Also, know that even mundane tasks like cleaning equipment, taking inventory, etc. is an opportunity to learn a process you may have to put in place when you are hired for your first Recreational Therapy job.
Build Your Resource Library
How does your internship supervisor plan activities, groups, or events? Does your supervisor use books, websites, or other materials regularly?
At the very least, take notes about every recreation therapy activity you do–materials, prep work, instructions, debriefing questions, etc.
You don’t need to reinvent the wheel. See what is working well for your internship site–especially if you plan on working with the same population in the future.
Don’t forget…If you’re looking for an affordable resource, you can check out my book, Therapy Games for Teens…That’s 150 activities you have at your fingertips.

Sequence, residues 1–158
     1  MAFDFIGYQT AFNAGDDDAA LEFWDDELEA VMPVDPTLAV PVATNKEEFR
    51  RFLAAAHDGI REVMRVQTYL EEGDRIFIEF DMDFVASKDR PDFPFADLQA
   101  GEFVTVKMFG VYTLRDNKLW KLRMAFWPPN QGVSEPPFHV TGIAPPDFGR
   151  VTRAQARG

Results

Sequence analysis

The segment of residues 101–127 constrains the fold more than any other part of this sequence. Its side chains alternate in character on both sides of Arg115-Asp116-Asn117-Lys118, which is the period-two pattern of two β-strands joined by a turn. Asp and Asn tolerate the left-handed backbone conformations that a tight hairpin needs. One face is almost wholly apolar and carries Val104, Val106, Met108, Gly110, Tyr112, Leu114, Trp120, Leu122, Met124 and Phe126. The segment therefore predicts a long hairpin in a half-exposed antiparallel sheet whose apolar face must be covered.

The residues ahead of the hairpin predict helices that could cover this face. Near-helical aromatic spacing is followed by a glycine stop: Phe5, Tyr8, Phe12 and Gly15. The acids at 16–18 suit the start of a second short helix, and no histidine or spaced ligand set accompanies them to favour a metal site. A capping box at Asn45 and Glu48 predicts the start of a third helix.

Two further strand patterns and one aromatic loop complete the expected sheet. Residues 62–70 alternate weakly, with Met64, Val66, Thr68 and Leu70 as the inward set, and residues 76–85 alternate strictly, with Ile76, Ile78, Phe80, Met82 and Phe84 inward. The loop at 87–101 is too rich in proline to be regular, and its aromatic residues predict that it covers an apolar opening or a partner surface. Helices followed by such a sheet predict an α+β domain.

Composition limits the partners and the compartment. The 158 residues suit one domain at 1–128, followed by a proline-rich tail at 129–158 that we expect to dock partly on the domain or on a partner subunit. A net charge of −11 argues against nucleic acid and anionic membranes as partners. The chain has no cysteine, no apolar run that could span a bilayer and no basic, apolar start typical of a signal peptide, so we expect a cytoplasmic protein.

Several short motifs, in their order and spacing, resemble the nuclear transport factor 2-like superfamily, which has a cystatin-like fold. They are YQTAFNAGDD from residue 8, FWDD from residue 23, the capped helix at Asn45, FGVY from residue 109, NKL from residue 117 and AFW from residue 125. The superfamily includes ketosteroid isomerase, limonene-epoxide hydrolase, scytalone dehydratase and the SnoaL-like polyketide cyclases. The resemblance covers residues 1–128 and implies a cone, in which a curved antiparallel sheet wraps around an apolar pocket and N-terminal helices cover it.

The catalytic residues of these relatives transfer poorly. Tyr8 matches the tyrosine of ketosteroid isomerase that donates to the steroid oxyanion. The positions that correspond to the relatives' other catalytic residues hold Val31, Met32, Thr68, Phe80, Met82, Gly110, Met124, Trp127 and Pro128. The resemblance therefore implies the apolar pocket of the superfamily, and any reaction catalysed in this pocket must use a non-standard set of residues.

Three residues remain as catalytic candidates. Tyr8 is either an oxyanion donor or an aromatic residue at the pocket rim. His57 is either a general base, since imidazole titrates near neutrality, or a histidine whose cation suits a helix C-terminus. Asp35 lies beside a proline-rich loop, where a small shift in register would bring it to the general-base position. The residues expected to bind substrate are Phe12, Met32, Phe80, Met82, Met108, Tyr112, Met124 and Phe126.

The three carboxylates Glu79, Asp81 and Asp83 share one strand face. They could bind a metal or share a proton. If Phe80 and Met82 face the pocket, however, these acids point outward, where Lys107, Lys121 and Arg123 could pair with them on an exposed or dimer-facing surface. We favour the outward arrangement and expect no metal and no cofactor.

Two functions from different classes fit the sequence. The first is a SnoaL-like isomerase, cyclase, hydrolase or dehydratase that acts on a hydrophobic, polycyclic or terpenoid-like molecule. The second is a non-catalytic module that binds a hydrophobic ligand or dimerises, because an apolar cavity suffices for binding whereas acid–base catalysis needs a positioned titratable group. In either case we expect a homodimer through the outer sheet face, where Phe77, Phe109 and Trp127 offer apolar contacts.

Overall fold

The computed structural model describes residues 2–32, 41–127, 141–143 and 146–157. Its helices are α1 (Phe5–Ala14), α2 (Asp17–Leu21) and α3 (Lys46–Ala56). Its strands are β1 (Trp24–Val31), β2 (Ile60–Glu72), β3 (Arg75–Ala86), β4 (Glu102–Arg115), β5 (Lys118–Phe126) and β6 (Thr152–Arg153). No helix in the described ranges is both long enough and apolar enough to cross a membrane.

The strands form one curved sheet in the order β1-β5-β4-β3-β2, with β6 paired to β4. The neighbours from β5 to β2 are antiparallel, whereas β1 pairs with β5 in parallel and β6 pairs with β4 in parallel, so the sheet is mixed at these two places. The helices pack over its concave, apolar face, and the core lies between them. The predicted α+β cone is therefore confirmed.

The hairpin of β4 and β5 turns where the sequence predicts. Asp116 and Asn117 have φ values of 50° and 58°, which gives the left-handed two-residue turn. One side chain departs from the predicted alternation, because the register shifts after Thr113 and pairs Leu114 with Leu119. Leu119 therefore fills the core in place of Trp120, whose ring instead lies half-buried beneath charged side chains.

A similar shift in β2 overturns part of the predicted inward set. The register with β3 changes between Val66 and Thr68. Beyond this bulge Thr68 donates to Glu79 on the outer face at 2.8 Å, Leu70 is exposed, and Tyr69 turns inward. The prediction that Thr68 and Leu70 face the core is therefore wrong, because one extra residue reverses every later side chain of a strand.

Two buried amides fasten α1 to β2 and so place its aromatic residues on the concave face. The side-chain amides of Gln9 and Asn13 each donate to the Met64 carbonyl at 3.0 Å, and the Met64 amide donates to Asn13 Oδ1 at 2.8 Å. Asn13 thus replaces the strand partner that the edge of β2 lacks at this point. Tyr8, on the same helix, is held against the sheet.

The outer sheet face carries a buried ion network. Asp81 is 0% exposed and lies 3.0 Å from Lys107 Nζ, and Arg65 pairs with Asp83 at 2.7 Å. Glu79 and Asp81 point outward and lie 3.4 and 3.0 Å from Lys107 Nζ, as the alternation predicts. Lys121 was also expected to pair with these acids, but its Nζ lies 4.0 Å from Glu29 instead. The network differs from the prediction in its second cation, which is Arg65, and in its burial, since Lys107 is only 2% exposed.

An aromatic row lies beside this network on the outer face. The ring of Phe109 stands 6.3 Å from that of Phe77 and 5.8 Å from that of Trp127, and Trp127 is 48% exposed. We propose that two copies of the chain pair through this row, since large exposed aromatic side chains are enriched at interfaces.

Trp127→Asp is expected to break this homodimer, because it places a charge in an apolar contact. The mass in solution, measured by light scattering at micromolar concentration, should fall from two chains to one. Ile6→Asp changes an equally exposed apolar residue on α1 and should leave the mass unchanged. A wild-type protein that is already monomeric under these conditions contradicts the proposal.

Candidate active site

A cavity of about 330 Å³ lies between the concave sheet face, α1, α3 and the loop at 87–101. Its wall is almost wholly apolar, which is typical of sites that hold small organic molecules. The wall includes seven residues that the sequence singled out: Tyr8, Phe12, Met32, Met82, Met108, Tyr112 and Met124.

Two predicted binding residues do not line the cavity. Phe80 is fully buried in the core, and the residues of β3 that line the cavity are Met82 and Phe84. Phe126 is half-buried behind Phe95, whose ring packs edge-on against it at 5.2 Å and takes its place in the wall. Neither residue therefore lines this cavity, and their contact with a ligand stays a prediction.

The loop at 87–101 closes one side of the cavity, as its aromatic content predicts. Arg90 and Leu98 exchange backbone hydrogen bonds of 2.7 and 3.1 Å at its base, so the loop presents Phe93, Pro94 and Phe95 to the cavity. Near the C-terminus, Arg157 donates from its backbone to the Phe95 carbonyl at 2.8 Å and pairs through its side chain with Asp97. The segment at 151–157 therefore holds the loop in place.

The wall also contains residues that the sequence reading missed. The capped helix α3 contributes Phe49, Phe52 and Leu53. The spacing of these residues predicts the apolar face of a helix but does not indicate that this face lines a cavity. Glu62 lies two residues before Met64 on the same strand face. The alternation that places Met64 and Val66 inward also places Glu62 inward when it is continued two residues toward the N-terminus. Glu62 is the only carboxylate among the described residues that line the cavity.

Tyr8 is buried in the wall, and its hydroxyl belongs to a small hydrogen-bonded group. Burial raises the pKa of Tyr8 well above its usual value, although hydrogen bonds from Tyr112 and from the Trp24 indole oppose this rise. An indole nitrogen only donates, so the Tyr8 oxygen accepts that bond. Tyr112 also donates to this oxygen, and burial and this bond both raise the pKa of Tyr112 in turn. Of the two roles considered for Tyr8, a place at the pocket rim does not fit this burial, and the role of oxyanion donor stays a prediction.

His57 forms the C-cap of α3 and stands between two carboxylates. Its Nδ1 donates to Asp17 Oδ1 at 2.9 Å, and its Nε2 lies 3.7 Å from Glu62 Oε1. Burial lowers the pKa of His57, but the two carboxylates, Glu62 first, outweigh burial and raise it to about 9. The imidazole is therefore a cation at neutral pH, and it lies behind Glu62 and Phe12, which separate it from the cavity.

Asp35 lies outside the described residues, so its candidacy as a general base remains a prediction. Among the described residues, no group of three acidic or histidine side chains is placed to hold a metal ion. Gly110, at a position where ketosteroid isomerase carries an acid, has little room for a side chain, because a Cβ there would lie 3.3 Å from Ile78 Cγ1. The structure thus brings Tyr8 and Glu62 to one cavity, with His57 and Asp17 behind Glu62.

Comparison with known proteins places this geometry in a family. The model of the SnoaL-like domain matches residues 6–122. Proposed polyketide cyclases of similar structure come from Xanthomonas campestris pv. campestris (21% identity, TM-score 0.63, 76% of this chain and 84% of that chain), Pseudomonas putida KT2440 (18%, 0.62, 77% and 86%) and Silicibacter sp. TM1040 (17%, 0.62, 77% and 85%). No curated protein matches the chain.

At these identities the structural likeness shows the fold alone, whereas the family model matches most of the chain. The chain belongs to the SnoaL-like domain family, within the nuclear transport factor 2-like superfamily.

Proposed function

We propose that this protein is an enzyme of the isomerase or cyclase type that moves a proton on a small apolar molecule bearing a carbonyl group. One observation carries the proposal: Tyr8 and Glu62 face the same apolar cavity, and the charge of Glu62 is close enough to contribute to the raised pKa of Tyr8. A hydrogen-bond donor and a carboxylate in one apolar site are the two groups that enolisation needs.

Make Professional Connections
Be sure to connect with all the RTs and those in other disciplines during your internship. Ask them about their jobs. Get tips for implementing activities or dealing with participants.
During my internship, I worked at a large facility for individuals with developmental disabilities. My supervisor had me spend a day with his colleagues at two other settings to see how they operate. Ask your supervisor if this is possible. You may become smitten with a setting you never even considered.
Connect with Other Interns
As you learn, share your own internship tips. Stay in touch with your classmates. See how their internships are going. Talk about what you’re experiencing and listen to their experiences. Support each other.
Join a social media group (or start one). Create an email chain. Keep communicating. You’ll probably have a lot to share and get a ton of great ideas.
Use Your Unique Skills
Do you have a hobby or passion you want to share with your participants during your internship? Ask your supervisor. See if you could set up a group or activity based on a leisure interest you love like drawing, hiking, singing, or meditation.
If you’re sharing an activity you’re already knowledgeable about, it may take some of the anxiety and stress out of the planning process.
Find Solutions (Teach an Old Dog New Tricks)